OPINION: Alaskans, it’s time to build the wall — between church and state

In 1987, the movie “Wall Street” introduced us to the phrase, so memorably uttered by Michael Douglas: “Greed is good.” I find myself wondering if that phrase was first heard by the screenwriter in Alaska, because Alaska sure seems to have greed down pat.

We currently have a university that is barely hanging on, a school system that struggles to stay open every day, an economy so old and stagnant that young people can think of nothing they want more than to leave, and a bunch of old-timers wondering what happened to the Alaska they first found when they arrived.

After 50 years here, I feel qualified to say that I am more than a little embarrassed by the Alaska ethic of free money. Used to be that the Alaska ethic involved hard work, caring for your community, making life better for the next generation. That could not be further from the truth anymore. We want a big check from our government once a year no matter what the cost to our society as a whole. And then we want to complain the rest of the year about government and all the money it uses on silly things such as homelessness and hunger or abused children and women. As long as that Permanent Fund dividend check is big enough, we’re willing to overlook little things like the destruction of the independent society that once made this state great. Now we can’t live without those checks, and we refuse to vote for anyone who suggests that this level of greed is unseemly.

As if greed weren’t bad enough, we currently have a governor who is trying to make all Alaskans adhere to his specific religious beliefs, and that is disgusting in a country that once tried to erect a wall between church and state. I say “tried to erect” because brick by brick, that wall is being torn down and replaced by a group of conservative, religious fanatics who think the entire country needs to believe as they do. We might as well be living in Afghanistan. What a woman decides about her health and her body should be between her and her doctor. And if her doctor prescribes a medication, whether it be insulin or the morning after pill, no one should have a say in the matter besides them.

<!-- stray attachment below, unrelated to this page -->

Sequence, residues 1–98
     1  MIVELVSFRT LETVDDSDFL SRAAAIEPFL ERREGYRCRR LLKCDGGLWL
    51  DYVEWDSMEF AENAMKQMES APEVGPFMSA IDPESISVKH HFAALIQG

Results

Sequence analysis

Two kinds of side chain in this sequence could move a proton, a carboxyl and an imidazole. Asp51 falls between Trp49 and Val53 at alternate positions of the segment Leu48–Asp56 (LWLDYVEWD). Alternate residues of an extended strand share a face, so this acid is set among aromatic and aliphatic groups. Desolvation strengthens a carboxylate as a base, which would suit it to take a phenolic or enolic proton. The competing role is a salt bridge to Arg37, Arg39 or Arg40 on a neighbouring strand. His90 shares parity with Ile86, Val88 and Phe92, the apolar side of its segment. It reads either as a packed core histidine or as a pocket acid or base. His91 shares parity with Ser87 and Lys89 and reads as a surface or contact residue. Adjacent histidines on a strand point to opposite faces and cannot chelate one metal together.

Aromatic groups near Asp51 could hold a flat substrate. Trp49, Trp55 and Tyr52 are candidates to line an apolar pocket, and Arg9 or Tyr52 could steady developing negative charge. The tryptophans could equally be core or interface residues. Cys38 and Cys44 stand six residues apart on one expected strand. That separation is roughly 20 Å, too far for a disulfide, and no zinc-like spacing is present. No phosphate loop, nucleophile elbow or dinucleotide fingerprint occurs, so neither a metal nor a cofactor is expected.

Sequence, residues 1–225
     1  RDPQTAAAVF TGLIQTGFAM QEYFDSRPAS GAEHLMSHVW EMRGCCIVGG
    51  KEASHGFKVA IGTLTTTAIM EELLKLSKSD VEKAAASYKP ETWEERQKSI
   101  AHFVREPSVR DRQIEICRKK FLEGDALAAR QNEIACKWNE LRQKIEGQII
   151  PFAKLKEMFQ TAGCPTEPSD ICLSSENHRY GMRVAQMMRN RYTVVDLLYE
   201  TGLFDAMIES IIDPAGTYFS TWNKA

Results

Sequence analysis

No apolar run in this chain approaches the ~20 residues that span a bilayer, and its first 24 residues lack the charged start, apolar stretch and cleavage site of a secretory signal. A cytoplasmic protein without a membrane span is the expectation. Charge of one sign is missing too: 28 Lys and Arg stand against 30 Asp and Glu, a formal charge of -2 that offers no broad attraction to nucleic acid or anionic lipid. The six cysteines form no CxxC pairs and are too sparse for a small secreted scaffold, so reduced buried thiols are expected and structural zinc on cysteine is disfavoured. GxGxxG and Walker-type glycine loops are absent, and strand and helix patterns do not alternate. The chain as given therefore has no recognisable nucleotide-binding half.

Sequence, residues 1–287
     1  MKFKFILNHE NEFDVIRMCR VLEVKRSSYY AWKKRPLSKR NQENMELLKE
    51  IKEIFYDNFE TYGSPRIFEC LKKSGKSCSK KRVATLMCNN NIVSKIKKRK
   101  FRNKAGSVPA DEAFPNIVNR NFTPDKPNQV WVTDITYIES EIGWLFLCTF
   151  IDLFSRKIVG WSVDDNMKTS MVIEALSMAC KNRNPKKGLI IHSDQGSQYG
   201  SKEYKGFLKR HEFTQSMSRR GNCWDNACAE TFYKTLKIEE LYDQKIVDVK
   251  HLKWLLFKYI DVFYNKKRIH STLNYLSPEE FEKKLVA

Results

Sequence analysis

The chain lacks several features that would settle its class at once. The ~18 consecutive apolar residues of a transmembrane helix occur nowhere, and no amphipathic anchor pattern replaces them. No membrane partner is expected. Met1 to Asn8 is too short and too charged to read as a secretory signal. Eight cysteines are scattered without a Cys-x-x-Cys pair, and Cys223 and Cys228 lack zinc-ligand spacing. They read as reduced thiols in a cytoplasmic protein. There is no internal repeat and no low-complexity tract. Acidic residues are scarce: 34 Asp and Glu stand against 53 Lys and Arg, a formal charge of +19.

When it comes to offering something as simple as protection for LGBTQ citizens, why the hell does the governor’s religion have any place in deciding those protections? These are simply people asking for nothing more than their right to live their lives and love their loves without discrimination. If you don’t like their choice of a life’s mate, then don’t choose like they do. But don’t deny them the right to their choice or the right to live wherever they want so long as they can pay the rent.

Somewhere in our state right now is a young boy or girl questioning their sexuality and sex. They are scared and have more questions than they ever believe can be answered. As the adults in this state, we owe that child an answer that is true and kind and real. They shouldn’t have to wait until some arbitrary age to get those answers because often, by then, it’s too late to undo the damage already done.

Does Rep. David Eastman scare you with his beliefs? Well, get used to it. At the rate we are going, the Legislature most certainly will soon be seeing more like him as the Christian right pushes its intimidating tactics to get its way. If they don’t like what you do, they will threaten your re-election, and we all know there are no scarier words to a politician.


So come on, Alaskans. Let’s build that wall up again that separates church and state. We need to do it for ourselves and every American who believes our Founding Fathers got it right when they erected that wall in the first place. As for that PFD check, if we don’t change our greedy attitude soon, then I can only hope the last person leaving the state when the fund is exhausted turns the lights off.

Elise Patkotak is an Alaska columnist and author. Her book “Coming Into the City” is available at AlaskaBooksandCalendars.com and local bookstores.

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Elise Patkotak

Elise Patkotak is an Alaska columnist and author. Her book "Coming Into the City" is available at AlaskaBooksandCalendars.com and at local bookstores.